Paradise lost

With an exhibition of rare and iconic 1960s graphics set to open in London, John Stones reflects on a bygone, yet influential era

The 1960s seem to provide an inexhaustible treasure chest of ideas to be plundered, particularly when it comes to fashion, interiors, music and, naturally, graphics.

So, as an adjunct to its Sixties Fashion show, the Victoria & Albert Museum is holding a smaller exhibition dedicated to the graphics of the now over-mythologised ‘Swinging Sixties’. As well as iconic pieces, there are some rare and unusual images to titillate the visual palate.

They show that the 1960s were busy plundering other sources themselves, but perhaps that word is a slightly pejorative term for the influences of Art Nouveau and Surrealism on the graphics of the era. Reinterpretation, rather than recycling, is perhaps how one could describe it.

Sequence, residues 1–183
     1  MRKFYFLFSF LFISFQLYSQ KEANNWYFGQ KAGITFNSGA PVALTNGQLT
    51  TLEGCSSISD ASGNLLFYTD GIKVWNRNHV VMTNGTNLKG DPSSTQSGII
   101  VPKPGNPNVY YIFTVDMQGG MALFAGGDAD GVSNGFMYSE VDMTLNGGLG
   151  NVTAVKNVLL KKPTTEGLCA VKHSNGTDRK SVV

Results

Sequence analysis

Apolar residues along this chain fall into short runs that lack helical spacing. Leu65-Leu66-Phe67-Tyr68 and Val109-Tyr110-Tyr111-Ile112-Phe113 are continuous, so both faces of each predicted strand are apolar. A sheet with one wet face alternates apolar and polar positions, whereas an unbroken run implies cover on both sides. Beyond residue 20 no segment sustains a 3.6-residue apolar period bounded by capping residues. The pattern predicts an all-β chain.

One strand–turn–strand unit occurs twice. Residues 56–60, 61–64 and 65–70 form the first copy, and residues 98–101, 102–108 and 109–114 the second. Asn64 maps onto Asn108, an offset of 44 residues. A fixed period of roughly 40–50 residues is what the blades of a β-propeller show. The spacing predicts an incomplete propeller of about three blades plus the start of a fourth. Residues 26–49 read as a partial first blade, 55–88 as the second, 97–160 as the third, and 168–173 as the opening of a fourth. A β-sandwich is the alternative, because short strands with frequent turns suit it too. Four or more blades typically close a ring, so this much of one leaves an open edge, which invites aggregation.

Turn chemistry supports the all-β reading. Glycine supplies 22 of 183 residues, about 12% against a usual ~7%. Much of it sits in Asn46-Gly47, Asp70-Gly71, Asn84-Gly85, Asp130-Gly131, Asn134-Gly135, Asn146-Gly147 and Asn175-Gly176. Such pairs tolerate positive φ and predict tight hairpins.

Much like the vogue for Modernism, which is fuelled by another exhibition currently showing at the V&A, the influence is primarily stylistic – the deeper political and social currents informing the work are an eon away from our present situation. While our lives and surroundings are, to a great extent, informed by retro-pilfering from the last century, politically we are still very much in thrall to the legacy of the Reagan/Thatcher era.

Design and other creative production may struggle to re-establish the link between the social and the aesthetic, but the graphics themselves remain as gorgeous as ever. But the pleasure they offer is now laced by the melancholy realisation of their status as markers of a vanished world.

Sixties Graphics runs until 12 November at the Victoria & Albert Musuem, Cromwell Road, London SW7

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